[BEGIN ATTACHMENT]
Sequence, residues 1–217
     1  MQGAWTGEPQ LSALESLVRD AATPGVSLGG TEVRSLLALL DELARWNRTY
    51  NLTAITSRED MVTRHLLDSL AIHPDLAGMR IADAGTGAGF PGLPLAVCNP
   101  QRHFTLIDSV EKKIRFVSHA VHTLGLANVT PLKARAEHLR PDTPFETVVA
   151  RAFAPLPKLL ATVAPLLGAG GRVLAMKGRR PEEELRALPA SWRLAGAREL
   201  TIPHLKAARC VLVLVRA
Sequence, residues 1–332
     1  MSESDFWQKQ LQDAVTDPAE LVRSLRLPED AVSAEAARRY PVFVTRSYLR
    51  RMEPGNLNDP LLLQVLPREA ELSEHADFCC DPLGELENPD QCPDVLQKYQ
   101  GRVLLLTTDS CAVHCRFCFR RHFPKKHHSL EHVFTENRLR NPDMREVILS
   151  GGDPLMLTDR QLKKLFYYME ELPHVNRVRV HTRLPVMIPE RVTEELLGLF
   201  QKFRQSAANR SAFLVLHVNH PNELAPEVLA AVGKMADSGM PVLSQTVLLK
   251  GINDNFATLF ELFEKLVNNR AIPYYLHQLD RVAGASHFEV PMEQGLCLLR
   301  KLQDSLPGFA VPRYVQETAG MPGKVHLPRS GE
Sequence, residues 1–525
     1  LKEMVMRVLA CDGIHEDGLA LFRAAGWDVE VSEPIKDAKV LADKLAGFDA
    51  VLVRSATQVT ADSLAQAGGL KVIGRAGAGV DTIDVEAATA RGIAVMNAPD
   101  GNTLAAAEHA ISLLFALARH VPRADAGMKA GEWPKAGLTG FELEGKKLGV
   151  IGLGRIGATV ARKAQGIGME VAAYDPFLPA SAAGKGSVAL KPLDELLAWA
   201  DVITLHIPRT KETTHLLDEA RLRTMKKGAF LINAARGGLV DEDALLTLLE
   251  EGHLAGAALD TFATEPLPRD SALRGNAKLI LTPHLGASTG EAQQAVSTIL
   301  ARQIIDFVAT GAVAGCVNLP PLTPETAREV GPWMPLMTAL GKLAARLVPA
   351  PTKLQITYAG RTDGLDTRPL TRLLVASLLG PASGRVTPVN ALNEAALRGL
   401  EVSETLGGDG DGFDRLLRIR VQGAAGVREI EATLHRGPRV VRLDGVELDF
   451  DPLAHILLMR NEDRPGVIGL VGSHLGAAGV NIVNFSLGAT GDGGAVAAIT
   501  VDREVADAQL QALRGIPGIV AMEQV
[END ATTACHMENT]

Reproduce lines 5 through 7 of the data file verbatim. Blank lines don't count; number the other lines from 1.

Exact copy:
   151  RAFAPLPKLL ATVAPLLGAG GRVLAMKGRR PEEELRALPA SWRLAGAREL
   201  TIPHLKAARC VLVLVRA
Sequence, residues 1–332